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A new Freddie Mac study confirms the findings of these reports, but the scope and methodology of this study are a little different.
Instead of analyzing housing costs and incomes using national census data, the Freddie Mac study focuses only on a sample of housing units financed twice by Freddie Mac Multifamily, first in 2010 and again in 2016. The study includes the nine states, including Texas, where Freddie Mac financed the most rental units twice during this time period.
Measuring the affordability of the same apartments over the span of six years can provide both Freddie Mac and policy makers with a unique picture of what is happening to the affordability of individual units.
The Freddie Mac report confirms that, while affordability is decreasing among all income levels, it’s the very low-income households who are feeling it the most. In 2010, 11.2% of units were affordable to very low-income households (defined as those earning up to 50% of the area median family income (AMFI)). By 2016, the percentage of units affordable to those same households had plummeted to 4.3%.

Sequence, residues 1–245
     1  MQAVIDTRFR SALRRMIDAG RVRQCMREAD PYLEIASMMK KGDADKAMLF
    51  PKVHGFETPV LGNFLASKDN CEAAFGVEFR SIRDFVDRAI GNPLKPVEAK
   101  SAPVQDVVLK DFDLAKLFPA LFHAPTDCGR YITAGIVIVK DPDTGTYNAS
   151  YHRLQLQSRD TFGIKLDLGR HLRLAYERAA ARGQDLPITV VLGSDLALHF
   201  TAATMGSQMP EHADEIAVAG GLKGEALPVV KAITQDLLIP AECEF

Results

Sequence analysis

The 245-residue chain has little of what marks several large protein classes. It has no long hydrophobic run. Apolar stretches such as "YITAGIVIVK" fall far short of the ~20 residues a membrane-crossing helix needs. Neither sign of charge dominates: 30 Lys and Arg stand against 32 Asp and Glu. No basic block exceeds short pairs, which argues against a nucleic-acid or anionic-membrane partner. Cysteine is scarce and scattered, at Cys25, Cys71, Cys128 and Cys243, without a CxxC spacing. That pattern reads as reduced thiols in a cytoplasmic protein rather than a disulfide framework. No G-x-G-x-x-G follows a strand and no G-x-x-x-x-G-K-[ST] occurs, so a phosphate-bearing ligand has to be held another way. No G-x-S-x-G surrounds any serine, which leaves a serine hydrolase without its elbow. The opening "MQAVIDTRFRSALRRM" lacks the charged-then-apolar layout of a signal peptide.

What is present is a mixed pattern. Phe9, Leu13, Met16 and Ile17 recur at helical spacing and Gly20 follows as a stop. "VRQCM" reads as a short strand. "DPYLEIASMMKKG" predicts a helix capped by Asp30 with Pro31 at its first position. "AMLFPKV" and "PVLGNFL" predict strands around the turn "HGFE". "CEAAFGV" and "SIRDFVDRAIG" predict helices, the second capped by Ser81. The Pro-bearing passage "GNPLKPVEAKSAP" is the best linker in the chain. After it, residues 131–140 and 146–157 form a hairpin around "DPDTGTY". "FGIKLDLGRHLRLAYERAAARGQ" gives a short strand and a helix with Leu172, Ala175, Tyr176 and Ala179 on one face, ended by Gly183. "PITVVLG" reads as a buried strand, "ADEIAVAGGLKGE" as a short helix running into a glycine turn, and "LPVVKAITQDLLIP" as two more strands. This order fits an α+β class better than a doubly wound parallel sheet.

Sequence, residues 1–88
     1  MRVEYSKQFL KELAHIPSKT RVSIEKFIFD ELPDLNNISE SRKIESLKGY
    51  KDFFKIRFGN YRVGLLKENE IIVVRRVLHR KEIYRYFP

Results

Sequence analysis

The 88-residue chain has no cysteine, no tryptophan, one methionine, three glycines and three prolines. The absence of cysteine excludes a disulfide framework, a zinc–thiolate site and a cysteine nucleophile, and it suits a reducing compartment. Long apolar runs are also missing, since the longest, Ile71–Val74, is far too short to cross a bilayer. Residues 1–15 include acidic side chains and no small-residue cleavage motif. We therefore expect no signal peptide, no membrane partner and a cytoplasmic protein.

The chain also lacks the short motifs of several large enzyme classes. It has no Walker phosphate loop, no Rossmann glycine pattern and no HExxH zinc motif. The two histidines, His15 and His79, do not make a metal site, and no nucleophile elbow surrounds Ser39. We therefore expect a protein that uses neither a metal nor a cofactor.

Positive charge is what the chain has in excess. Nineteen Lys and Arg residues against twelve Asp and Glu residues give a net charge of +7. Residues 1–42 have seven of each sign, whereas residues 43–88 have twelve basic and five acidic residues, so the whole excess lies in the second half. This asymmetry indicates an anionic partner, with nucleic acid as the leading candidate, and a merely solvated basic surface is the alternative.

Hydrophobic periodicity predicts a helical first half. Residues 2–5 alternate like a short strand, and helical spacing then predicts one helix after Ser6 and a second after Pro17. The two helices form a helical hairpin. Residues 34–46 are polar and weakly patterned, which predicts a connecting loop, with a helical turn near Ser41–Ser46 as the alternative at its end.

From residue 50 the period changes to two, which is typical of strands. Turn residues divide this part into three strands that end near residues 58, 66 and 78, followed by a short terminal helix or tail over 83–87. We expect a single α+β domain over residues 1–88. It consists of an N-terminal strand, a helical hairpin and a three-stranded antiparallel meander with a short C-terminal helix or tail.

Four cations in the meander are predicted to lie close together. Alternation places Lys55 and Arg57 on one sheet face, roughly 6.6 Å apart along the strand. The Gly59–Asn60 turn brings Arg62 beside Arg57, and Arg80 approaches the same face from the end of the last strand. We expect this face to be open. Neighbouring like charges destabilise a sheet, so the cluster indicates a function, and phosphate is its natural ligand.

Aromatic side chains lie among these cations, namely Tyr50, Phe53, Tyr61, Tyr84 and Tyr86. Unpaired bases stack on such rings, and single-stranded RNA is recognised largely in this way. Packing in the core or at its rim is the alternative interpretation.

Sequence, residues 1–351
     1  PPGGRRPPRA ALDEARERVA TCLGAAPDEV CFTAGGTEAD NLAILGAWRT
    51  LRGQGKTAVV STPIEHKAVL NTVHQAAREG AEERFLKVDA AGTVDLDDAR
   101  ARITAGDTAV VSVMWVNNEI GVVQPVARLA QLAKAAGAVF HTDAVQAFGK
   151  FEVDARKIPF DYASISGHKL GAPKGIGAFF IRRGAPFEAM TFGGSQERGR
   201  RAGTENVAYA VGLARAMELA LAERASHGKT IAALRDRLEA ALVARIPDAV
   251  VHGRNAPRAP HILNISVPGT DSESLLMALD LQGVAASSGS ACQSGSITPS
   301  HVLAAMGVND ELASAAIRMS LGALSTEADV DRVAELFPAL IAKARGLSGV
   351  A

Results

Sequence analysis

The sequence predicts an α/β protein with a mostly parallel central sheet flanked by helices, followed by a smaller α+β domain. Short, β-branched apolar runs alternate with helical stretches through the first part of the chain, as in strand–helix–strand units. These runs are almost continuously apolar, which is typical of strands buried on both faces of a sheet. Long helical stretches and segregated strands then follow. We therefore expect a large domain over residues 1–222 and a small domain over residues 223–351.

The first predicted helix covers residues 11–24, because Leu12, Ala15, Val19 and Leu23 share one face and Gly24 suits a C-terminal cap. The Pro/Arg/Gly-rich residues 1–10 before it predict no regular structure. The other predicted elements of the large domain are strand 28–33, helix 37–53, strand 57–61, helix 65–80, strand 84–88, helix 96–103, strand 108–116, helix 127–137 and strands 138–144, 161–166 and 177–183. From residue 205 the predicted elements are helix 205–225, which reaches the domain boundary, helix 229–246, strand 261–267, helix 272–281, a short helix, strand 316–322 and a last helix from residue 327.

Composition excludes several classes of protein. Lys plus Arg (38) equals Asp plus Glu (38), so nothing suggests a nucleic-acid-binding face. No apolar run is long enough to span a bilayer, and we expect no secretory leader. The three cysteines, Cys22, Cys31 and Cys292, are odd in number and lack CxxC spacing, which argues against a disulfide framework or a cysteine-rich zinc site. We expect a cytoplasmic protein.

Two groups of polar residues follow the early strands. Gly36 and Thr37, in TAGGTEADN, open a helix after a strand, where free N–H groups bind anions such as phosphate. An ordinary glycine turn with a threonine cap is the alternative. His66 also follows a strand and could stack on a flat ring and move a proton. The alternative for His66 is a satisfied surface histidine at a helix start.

The percentage of units affordable to low-income households (those earning between 50% and 80% AMFI) and median income households (those earning between 80% and 100% AMFI) also declined. In 2010, 82.5% of units were affordable to low income households, but by 2016 the percentage had dropped to 69.5%.
In 2010, 95.8% of units financed by Freddie Mae Multifamily were affordable to median income households. Compare this to 2016 in which the percentage of units affordable to median income households had decreased to 90.6%. In other words, the percentage of units that are unaffordable to median income households more than doubled –from 4.2% to 9.4%--between 2010 and 2016.
Below are two additional takeaways that focus specifically on the Freddie Mac Multifamily units financed in Texas:
Click here to read the full report, including some additional analysis by Freddie Mac.
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